Monday, 27 July 2015

"Your gifts are an abomination"

Many in the modern Church think that by giving much money to their own local church, they are very pleasing to God. Gifts that a person makes can be a true abomination:


To what purpose is the multitude of your sacrifices unto me? saith the Lord: I am full of the burnt offerings of rams, and the fat of fed beasts; and I delight not in the blood of bullocks, or of lambs, or of he goats.  When ye come to appear before me, who hath required this at your hand, to tread my courts?Bring no more vain oblations; incense is an abomination unto me; the new moons and sabbaths, the calling of assemblies, I cannot away with; it is iniquity, even the solemn meeting. Your new moons and your appointed feasts my soul hateth: they are a trouble unto me; I am weary to bear them (Isaiah 1:11-14).

You may argue that you are giving for a righteous cause, not an unrighteous one. That may be true but that is not the real issue here. The issue is the heart, whether one gives freely, without a single desire to hold back what one gives. Giving for a righteous cause, such as a true genuine local church with a motive that it is out of obligation, or just to gain more eternal rewards from God, which is absolutely undeserved, is an abomination (Isaiah 1:13).

Gifts that are given without a true heart of love are vanity and abominations in themselves: "Bring no more vain oblations; incense is an abomination unto me; the new moons and sabbaths, the calling of assemblies, I cannot away with; it is iniquity, even the solemn meeting" (Isaiah 1:13).  Such giving is not only vain, and vile, but hypocritical and blasphemous, making a mockery of what it means to truly give. 

If one does not give ungrudgingly or gives out of obligation (2 Corinthians 9:7), one is acting out of self-righteous hypocrisy, seeking to want to give much money so as to be able to say that one gives, but not truly wanting to give. It is to show a false sense of graciousness, just like a person who insists on how offended he is by the ways others speak simply because it is too direct for him, but says that he will "extend grace" to the one who simply just personally offended him. Yet, he insists that the person speak in a way that conform to the way he desires, accusing the "offender" of being ungentle. Such graciousness is an abomination. This is the way of modern pharisees who are not the unsaved, but many in the modern Church.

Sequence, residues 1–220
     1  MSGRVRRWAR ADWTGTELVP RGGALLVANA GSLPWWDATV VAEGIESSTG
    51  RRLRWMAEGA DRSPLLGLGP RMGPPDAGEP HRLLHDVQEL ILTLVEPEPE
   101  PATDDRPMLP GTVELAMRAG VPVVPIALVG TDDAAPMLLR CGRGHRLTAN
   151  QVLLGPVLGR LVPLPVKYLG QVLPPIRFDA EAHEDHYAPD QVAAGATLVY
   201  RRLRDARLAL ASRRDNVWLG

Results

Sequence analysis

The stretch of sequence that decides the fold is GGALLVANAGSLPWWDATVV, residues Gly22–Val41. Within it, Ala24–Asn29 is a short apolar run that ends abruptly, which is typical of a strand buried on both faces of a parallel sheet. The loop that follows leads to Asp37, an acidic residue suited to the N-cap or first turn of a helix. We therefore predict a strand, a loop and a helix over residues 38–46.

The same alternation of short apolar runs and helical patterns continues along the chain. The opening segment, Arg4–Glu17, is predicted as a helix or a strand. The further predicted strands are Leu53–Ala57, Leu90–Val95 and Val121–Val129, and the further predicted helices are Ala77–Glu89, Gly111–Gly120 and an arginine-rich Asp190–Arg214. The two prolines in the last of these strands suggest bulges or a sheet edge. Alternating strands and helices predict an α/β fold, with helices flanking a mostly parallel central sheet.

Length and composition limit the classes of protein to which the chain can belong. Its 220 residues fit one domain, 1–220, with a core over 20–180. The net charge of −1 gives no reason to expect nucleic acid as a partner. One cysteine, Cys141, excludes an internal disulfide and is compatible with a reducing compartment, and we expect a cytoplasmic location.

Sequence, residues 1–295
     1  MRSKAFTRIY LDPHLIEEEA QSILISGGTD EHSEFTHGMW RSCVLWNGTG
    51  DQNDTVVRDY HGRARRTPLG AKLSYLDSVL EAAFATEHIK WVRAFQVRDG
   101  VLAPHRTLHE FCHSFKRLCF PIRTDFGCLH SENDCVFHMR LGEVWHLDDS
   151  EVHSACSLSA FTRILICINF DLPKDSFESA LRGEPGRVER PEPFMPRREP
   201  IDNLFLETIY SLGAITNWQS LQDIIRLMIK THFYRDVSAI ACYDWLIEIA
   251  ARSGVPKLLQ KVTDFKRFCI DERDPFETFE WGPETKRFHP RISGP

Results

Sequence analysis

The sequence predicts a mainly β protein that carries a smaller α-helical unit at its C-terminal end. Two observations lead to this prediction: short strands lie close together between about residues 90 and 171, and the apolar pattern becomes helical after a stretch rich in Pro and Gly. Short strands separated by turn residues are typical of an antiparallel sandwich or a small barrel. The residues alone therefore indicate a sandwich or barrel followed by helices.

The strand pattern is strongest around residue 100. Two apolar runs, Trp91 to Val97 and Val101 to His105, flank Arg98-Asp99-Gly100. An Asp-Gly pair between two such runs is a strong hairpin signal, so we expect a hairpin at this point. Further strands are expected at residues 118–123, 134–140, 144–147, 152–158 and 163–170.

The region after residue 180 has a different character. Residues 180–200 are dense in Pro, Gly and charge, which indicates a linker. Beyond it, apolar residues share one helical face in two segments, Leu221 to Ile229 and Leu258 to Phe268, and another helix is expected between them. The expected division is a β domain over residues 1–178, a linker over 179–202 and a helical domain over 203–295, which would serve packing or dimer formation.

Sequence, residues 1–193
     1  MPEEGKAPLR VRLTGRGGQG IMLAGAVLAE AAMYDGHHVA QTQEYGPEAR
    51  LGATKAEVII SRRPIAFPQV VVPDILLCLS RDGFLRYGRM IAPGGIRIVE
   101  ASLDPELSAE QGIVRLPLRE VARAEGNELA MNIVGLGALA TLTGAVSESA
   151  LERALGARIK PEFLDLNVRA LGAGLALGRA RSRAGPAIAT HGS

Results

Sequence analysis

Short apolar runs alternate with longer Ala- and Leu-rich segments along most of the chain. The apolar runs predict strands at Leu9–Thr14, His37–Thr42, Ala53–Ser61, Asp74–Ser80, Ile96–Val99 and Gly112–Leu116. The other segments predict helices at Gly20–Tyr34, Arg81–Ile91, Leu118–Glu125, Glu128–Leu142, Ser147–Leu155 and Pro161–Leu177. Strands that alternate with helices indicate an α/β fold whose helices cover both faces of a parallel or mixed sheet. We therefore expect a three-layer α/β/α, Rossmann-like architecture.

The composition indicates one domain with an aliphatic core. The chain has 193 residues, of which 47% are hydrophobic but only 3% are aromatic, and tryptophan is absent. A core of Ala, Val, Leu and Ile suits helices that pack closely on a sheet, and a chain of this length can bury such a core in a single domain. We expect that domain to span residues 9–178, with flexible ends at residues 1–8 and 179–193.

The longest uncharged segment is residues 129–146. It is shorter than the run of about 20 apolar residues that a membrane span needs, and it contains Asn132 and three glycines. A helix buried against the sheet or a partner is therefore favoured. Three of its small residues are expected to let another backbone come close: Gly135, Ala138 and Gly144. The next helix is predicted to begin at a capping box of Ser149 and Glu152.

To give unfreely, or grudgingly is to be unforgiving in one's actions, insisting on one's ways. This manifests in complaints by many in the modern Church of the west about feeling "offended" by another when that person has not sinned, but merely made that person "offended" owing to his own carnality, from which he is saved. His carnality, though, still manifests itself when he has unbiblical thinking about forgiveness, and insisting on his or her own way. 

Gifts, whether it be gifts of money, acts of kindness to help others, or sacrifice of time are abominations when either the motive or the manner of spirit of giving such gifts is one that seeks to insist on one's own way. As long as one has the desire to insist on one's own way to the slightest extent, the gifts he gives or his graciousness are false. They are not only meaningless, like the sacrifices of the Israelites in Isaiah 1; they are abominations. 

Many in the modern Church exhibit a false sense of graciousness ,and a false sense of generosity. The whole world can see this. No wonder the world thinks the modern Church to be hypocritical - because it often is. Such Christians who act with a false sense of graciousness and generosity are not merely posing a stumbling block to the world; they are the stumbling block.